For this Connecticut Family, Finding a Cure Means Giving Back

For Cheryle Elliot and her son, Dakota, the Muscular Dystrophy Association is like a part of the family.

From selling  MDA Shamrocks to attending their local MDA Lock-Up event to participating in Muscle Walk, they do it all — with Dakota smiling and laughing all the way through.

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Dakota flashes a signature smile

Dakota was born with congenital myotonic muscular dystrophy, which affects his ability to speak, to eat solid foods and to walk on his own. He uses some sign language to communicate, as well as hand gestures and facial expressions, and gets around using a wheelchair and a walker. Now 11 years old, he’s a local MDA ambassador in Connecticut, where he lives.

“It’s a struggle at times, because it’s hard for him to tell me what he wants. But overall, his demeanor is very enthusiastic and he’s a happy kid. He loves to flirt,” Cheryle says, laughing.

Dakota personifies the live unlimited spirit. He displays strength and courage every day despite the physical and societal limits diseases like congenital myotonic muscular dystrophy. His unyielding resolve is a reminder for us all to be relentless in our pursuit to defy limits we or others often impose on ourselves.

And that’s just what he does as a local goodwill ambassador.Dakota travels around Connecticut with his family, raising awareness of muscular dystrophy. He makes posters, sells Shamrocks and sports his MDA t-shirt whenever and wherever he can.

“Almost every day of the week, we visit different places in Connecticut. He enjoys it very much,” Cheryle says. “He’ll tell us he wants his MDA shirt on using his signs. He’ll point at uncle and dad to encourage them to put their shirts on and gets mad if they don’t follow his instructions.”

Dakota should be pretty happy during these coming months because the whole family will likely be sporting those shirts most of the summer, which is chock full of MDA events.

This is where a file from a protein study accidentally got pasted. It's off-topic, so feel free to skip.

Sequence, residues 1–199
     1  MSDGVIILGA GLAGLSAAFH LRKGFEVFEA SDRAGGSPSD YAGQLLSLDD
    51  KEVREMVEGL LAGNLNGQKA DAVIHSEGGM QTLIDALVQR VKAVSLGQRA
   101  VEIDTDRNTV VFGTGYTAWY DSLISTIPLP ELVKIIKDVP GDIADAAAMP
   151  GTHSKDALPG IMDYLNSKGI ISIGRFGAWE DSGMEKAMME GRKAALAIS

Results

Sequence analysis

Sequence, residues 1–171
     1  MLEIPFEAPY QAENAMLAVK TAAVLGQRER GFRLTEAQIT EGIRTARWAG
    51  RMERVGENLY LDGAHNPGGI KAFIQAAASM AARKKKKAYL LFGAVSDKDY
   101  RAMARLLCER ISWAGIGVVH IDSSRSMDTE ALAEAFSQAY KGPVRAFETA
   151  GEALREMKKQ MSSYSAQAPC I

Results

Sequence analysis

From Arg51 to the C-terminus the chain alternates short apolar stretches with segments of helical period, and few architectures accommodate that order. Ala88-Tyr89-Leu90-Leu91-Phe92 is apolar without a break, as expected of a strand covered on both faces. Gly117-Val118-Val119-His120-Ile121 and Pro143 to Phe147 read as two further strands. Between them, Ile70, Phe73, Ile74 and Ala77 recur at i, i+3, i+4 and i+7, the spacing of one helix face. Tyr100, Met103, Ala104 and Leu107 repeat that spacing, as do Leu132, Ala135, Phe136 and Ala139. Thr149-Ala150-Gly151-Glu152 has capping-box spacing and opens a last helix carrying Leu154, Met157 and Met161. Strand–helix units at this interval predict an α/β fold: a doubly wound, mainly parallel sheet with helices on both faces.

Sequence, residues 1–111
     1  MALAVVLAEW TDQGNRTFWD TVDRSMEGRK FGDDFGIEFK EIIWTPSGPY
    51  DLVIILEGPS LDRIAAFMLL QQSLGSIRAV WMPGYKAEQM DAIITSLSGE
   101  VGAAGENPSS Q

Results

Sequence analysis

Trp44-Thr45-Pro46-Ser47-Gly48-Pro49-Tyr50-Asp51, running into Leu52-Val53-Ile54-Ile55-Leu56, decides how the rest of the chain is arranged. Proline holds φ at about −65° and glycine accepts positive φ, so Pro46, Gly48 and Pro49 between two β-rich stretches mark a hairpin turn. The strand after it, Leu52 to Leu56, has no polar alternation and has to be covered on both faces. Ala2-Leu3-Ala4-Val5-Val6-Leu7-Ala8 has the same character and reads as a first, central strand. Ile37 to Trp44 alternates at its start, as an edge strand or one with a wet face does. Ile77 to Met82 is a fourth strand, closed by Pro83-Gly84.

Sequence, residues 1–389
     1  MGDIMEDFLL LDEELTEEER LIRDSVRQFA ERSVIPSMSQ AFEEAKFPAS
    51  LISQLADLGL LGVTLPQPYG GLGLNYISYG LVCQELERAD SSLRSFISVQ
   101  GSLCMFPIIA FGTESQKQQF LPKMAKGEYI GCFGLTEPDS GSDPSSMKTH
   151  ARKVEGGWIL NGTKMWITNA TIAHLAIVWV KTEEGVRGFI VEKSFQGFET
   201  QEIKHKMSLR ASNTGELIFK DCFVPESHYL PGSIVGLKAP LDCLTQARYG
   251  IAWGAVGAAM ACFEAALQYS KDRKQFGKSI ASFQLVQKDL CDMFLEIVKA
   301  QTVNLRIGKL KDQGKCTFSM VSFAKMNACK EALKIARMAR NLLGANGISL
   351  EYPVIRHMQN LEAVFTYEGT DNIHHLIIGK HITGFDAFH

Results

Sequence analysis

One of their favorites is their local Muscle Walk in East Hartford. They started participating in 2009 to both support MDA and to educate others about Dakota’s disease.

“At Muscle Walk, we started getting the word out about the type of MD my son has, so others are aware and also get to know someone with it,” Cheryle says.

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Rocking his role as a Shambassador

In early June, they returned to the Muscle Walk for a third year with their team, New American Ride — named for one of their favorite country songs.

“It’s a great experience. It’s great to see how others are affected by MD and to learn more about living with MD because other people might know more than you do,” Cheryle says. “It’s a great learning experience.”

Capping off the family’s busy month of June is the highlight of Dakota’s entire summer — MDA Summer Camp. In fact, Dakota is so excited about his time at camp that Cheryle has to hide his suitcase until it’s time to go. Dakota gets so amped at the sight of that suitcase that the family is “in big trouble” if he sees it when they’re not planning on going anywhere, Cheryle says.

With his zest for life, Dakota adores hanging with his loved ones at the Muscle Walk and gets a kick out of meeting new people at camp, but these events aren’t only about having fun. And it’s about more than living unlimited, too.

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Hanging out with fire fighters at Boot Camp

They’re also ways to connect with other families affected by muscle-debilitating diseases and to give back to MDA. Cheryle says MDA has always been there for Dakota and her family, helping them get wheelchairs and medical equipment and connecting them to resources.

Most of all, the family’s participation in these events is about raising awareness of muscular dystrophy, so that one day Cheryle’s dream will be fulfilled. She wants a cure, so one day her son can walk on his own and live a fuller life, she says.

That’s why they’ll continue participating in Muscle Walk: to raise money, tell their story, boost awareness and push research forward.

“There are so many types out there and the type he has, there’s really not much out there for research. It’s needed,” says Cheryle.

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